Love, Law and Civil Disobedience by Martin Luther King, Jr.

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One of the the reasons I’m looking into civil disobedience is because I’ve never thought about it in terms of “I may really have to do this” before now. My two previous blogs about it are: Freedom From Fear by Aung San Suu Kyi and Live Not By Lies by Aleksandr Solzhenitsyn. The only civil disobedience I have ever engaged in was not wearing a mask some months back when it was required. In some cases not getting vaccinated is a form of civil disobedience, but, at least for me, it has never been a requirement.

So, to put it mildly, I have, for all practical purposes, no civil disobedience experience. None. I want to be prepared when or if it becomes necessary to thwart the law when it may have far more serious consequences than feeling uncomfortable when the Costco employee asks me to put a mask on. I also want to be in the “I will not comply” mindset if or when the time comes. That is, I want to have already made the decision on what I’m going to do, not try to decide at the time.

As I’ve written in the previous essays I’ve always been a person to follow the law, so breaking any law, any rule feels bad to me in visceral sort of way. I got over that to some degree not wearing a mask when everyone around me was.

This essay by King was actually a speech he gave in 1961. He’s very impressed by the students engaging in civil disobedience. Near the beginning he says:

If the Negro stayed in his place and accepted discrimination and segregation, there would be no crisis. But the Negro has a new sense of dignity, a new self-respect and new determination.

The same could be said for us now. If we all obey the unlawful laws that may be coming or are already here and choose only to lament our circumstances and not fight back, there will be no crisis. There needs to be a crisis. King points out, these people in power are not going to give it up easily and “very seldom do it voluntarily.”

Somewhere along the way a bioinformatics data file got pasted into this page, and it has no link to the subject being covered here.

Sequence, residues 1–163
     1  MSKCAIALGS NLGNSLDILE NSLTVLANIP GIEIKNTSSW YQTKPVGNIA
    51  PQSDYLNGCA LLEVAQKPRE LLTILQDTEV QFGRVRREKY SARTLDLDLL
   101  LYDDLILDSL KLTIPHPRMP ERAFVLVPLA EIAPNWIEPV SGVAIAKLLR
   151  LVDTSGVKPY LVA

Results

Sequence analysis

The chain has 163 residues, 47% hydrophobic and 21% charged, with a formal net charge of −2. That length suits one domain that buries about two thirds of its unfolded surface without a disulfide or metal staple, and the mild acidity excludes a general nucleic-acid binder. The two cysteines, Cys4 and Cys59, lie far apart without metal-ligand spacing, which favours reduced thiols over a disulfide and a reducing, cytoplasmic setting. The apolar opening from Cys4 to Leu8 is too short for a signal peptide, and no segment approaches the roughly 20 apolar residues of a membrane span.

As both Suu Kyi and Solzhenitsyn emphasized, King says that violence to achieve our ends must never be used. Desmet in his book, The Psychology of Totalitarianism, says the same thing. King then goes into the methods used by the student movement in the south. I’ve tried to pull out these main points. Here they are:

Martin Luther King, Jr.

Nobel Foundation, Public domain, via Wikimedia Commons {{PD-US-expired}}

  1. The “means must be as pure as the end.”
  2. Injury must never be inflicted on another
  3. The goal must be to defeat the unjust system, not the individuals in that system.
  4. “Suffering has certain moral attributes involved, but it can be a powerful and creative social force.”
  5. We must always remember that “there is within human nature an amazing potential for goodness.”
  6. “Noncooperation with evil is as much a moral obligation as the cooperation with good.”
  7. “…this movement is a movement based on faith in the future. It is a movement based on a philosophy, the possibility of the future bringing into being something real and meaningful. It is a movement based on hope.”

When we see so many individuals who have betrayed us, I find number three the most difficult to accept. Desmet does make the point that getting rid of these individuals most likely will do little good as the totalitarian system itself is partly responsible for them and will go on without them, but I want them to be punished for what they have done in addition to dismantling the system.

I like the last point of a “future bringing into being something real and meaningful.” This is what we’re after. This is what they are trying to take from us. King finishes the speech with these inspiring words:

There is something in this student movement which says to us, that we shall overcome. Before the victory is won some may have to get scarred up, but we shall overcome. Before the victory of brotherhood is achieved, some will maybe face physical death, but we shall overcome. Before the victory is won, some will lose jobs, some will be called communists and reds, merely because they believe in brotherhood, some will be dismissed as dangerous rabble-rousers and agitators merely because they’re standing up for what is right, but we shall overcome.

And we shall. Amen and amen.

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